I got annoyed on the drive to work today, listening to NPR's Morning Edition program. The show was covering California's new display hardware tax and recycling program. I guess "coverage" always means looking for flaws, but this was silly.
Here's the facts: California is adding an electronics recycling fee, which retailers apply based on size of display, from $6 to $10 per display. This includes laptops, monitors and TVs.
Morning Edition added the factoid that California pays recyclers $0.48 per pound to process the displays, to chew them up and sorting the resulting bits into plastic, glass, etc. From this factoid and the fee rates, Morning Edition concluded that the tax would certainly not pay for disposal. They gave an example of a 53 lb monitor, which would be taxed at $10 at time of purchase but would cost $25.44 to recycle.
With the information provided so far in the program, I could see immediately several flaws in their argument. First, not all monitors are that heavy. People buy 5-10 pound laptops, pay $6 or $8 fee at purchase time, and those only cost $2.40 to $4.80 to dispose of. Second, there's time-value of money: the $10 paid for the 53 lb monitor is paid years before that monitor has to be recycled, and if the state saved that money it could accrue interest.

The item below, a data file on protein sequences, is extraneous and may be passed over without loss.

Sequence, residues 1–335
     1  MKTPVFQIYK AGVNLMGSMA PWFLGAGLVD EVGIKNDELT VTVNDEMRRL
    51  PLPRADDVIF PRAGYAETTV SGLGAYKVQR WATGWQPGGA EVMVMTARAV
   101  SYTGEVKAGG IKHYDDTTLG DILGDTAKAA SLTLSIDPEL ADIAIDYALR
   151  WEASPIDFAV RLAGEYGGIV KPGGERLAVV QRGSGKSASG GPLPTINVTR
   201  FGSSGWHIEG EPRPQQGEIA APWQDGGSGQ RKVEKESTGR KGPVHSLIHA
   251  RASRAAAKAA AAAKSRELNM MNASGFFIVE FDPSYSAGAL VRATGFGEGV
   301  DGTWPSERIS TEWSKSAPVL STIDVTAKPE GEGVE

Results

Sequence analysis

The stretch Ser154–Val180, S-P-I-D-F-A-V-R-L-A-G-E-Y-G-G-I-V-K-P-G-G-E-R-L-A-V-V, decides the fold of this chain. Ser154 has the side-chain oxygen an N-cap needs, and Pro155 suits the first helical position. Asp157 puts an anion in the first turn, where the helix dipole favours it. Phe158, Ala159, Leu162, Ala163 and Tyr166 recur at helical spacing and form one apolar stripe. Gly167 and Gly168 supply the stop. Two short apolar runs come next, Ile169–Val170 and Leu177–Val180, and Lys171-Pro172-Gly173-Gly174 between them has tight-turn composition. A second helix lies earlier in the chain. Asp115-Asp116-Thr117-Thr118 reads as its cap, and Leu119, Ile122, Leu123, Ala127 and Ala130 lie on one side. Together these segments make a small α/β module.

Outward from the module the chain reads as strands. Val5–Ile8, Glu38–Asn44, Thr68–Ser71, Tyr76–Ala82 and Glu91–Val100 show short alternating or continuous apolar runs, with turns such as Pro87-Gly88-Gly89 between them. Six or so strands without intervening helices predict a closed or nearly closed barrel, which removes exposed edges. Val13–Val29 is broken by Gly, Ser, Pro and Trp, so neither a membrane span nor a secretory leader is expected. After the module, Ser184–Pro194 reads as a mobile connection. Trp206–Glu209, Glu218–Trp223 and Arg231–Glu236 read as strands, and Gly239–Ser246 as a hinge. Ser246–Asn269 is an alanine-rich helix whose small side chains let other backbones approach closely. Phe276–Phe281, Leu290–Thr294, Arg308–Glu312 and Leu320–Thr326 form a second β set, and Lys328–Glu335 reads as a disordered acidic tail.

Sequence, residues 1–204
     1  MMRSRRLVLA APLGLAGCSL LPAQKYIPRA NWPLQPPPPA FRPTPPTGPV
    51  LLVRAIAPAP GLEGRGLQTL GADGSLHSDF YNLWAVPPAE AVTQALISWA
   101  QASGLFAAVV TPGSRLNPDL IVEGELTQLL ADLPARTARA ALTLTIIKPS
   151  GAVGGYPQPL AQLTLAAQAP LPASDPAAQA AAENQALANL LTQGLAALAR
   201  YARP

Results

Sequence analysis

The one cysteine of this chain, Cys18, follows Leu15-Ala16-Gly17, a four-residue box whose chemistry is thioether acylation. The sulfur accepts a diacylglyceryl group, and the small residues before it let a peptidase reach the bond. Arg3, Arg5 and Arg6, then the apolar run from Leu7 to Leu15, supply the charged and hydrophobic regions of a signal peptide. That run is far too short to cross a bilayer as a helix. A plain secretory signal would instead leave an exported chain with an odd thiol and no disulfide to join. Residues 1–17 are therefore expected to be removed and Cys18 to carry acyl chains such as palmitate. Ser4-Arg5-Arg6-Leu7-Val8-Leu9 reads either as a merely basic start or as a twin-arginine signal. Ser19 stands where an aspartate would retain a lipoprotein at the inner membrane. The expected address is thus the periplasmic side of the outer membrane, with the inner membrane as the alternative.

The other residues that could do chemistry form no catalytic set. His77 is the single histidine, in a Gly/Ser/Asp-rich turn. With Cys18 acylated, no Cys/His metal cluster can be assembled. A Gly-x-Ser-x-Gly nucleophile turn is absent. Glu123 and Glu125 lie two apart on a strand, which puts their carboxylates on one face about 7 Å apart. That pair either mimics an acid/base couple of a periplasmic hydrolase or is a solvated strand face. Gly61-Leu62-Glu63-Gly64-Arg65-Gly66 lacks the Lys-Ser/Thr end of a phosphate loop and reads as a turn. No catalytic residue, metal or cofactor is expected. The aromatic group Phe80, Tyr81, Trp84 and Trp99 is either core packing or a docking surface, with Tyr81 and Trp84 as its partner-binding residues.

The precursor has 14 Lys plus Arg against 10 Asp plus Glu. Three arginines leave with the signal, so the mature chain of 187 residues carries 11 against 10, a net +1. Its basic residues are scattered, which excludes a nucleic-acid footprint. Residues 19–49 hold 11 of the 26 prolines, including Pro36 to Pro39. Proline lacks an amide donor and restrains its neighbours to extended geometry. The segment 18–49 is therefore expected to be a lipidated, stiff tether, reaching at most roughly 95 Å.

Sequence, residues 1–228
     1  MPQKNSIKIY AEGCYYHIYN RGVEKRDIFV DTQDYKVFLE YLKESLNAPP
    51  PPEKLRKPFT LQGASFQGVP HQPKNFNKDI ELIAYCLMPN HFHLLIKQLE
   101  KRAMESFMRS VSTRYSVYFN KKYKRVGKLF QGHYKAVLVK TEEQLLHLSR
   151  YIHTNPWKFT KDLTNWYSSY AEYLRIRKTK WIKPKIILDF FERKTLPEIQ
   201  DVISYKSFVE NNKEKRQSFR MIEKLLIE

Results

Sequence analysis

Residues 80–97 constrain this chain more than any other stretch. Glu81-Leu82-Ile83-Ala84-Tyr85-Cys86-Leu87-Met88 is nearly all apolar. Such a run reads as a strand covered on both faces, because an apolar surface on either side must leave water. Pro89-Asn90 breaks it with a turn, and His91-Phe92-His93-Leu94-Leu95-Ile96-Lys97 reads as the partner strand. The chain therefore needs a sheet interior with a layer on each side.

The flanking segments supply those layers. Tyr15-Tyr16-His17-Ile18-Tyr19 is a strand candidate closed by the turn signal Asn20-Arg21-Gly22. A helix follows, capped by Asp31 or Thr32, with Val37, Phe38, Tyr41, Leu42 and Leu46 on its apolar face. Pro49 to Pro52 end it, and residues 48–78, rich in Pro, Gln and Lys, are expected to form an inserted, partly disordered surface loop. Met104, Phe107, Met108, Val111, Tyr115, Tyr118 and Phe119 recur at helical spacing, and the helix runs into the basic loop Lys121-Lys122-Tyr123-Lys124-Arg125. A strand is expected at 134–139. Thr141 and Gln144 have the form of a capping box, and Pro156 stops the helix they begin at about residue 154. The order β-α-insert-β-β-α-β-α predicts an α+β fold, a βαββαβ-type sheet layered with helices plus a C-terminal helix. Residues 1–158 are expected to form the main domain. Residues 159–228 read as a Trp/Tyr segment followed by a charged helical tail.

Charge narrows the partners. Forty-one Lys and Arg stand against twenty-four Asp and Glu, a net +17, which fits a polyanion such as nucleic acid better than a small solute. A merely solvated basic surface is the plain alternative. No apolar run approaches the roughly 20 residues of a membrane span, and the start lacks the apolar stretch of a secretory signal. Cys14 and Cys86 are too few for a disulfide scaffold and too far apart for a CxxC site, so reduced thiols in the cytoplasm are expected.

Even if you say that this year's recycle fee income should cover this year's disposal costs (rather than allocate the fee to one item over its life) it's entirely possible that the program does pay for display recycling. It works if people buy more lightweight displays (for which they overpay on the recycle fee) than heavy displays (for which they underpay). At the same time, it also works if people buy more displays per year than they dispose of -- also a reasonable possibility.
This kind of thing in the media bothers me more and more. It makes me think "How stupid do they think I am?"
Monday, January 31, 2005
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